At the end of the day, protecting yourself digitally is very important. While we welcome 2019 and all its technological advancements, we ourselves must make sure that this does progress not come back to harm us. Now that so many activities and transactions are carried out digitally in an era where we don’t even need physical money, as online banking, e-cash, and cryptocurrencies like Bitcoin take its place. This is why it’s so important to be aware of our digital privacy and safety going forward. But how do you protect yourself in the virtual world?
Here are our top five tips:
- Disable access to cookies or delete cookies data on your computer regularly. This can help prevent strangers and marketers from tracking you. Another option is to browse the web in ‘private browser’ or ‘incognito’ mode.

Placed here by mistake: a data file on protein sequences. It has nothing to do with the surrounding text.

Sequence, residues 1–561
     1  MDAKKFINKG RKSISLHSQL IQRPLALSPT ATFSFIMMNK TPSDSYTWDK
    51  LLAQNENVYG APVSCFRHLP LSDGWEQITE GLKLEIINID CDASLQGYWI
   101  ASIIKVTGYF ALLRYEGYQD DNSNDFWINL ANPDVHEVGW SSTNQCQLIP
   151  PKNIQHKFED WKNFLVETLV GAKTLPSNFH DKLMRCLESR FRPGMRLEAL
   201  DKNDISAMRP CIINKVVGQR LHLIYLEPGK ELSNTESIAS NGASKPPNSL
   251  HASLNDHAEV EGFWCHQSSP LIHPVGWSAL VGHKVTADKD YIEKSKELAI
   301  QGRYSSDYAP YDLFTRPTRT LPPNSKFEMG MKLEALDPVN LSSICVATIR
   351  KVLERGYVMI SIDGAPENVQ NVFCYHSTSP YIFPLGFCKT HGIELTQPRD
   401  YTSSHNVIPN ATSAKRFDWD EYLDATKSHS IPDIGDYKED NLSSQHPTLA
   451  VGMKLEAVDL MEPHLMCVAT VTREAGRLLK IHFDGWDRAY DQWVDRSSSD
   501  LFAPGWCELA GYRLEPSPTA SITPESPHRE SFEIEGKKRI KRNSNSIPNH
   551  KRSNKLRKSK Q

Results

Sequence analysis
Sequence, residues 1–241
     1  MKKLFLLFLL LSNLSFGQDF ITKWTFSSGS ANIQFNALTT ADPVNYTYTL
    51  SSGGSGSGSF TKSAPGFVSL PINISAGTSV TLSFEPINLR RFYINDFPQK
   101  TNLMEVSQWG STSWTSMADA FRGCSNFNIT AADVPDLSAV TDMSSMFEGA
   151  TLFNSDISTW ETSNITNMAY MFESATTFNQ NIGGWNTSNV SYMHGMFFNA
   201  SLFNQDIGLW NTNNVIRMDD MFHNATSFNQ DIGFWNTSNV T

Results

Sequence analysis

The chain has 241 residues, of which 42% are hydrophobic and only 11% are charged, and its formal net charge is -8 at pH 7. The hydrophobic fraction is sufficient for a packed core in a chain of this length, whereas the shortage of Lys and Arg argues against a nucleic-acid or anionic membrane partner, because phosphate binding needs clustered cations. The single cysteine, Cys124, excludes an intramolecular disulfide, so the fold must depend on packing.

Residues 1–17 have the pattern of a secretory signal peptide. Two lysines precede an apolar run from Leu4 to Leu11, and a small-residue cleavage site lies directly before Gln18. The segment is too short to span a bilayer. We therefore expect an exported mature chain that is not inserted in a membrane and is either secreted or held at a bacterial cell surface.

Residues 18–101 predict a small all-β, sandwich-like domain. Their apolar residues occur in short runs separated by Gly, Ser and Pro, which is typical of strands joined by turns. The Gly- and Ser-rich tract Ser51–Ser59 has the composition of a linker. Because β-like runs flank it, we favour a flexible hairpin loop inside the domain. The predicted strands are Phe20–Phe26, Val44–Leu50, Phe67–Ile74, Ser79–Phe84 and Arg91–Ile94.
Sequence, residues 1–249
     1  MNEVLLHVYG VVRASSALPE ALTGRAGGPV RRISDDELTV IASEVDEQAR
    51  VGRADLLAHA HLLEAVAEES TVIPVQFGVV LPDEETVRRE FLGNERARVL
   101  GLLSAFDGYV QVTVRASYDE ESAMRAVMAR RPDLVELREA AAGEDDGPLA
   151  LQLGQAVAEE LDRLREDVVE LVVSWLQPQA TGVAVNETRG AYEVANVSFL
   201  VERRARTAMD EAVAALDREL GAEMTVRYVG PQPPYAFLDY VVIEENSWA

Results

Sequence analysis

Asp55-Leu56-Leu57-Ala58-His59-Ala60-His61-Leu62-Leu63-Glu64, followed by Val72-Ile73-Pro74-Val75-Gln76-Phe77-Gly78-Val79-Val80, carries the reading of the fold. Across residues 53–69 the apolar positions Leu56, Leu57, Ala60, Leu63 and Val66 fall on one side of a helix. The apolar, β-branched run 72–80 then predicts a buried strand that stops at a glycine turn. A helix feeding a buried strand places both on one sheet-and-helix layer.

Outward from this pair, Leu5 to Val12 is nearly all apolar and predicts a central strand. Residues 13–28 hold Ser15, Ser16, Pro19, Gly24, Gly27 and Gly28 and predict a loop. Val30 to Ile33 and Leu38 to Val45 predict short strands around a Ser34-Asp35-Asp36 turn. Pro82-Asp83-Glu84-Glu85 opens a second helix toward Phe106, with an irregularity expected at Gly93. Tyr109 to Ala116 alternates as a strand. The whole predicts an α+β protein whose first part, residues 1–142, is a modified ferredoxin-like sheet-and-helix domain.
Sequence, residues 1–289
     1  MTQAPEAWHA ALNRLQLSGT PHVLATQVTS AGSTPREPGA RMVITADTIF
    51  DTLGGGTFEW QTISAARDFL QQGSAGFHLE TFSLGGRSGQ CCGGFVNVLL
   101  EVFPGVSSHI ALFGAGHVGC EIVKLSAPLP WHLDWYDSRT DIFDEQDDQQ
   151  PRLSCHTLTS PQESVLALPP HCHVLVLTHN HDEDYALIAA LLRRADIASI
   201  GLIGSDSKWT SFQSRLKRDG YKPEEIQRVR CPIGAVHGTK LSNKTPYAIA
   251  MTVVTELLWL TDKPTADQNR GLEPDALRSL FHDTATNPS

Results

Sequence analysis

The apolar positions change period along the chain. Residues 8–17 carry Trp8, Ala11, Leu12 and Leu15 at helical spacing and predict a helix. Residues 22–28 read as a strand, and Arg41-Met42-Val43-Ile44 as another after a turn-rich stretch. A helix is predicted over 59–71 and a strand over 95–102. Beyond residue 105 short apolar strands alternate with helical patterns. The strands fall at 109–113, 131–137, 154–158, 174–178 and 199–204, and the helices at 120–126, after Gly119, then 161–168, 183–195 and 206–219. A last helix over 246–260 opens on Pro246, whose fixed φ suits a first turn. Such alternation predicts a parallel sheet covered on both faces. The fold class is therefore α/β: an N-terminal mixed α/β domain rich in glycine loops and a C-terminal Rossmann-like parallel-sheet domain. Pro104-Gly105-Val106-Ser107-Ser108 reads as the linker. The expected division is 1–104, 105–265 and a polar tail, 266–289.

- Use a VPN. A VPN allows users to create a secure connection and helps to stop prying eyes from seeing your browsing activity. Most services are subscription-based, so make use of VPN deals to enjoy the best rates all year round.
- Use a unique password for each of your accounts. This can prevent hackers from being able to access all your accounts if they discover one password. Also, make sure your passwords are not ‘weak’ and easy to guess, such as your pets name or date of birth. If necessary, use two-factor authentication for better security.
- Install an antivirus and malware blocker. Great free examples would include Avast antivirus and Malwarebytes. Paying for the premium version of a quality antivirus or security product is money well spent in my opinion.
- Keep all your programs and operating systems up-to-date, as the latest updates usually contain patches for any security vulnerabilities found.
Apart from the five methods above, it is also important that we use the internet wisely and avoid giving too much personal data to sites unless it’s really necessary. Be aware of what you post online publicly. Comments and photos could come back to haunt you by hurting your job prospects, leading to personal embarrassment or by unintentionally giving away key information to hackers and fraudsters.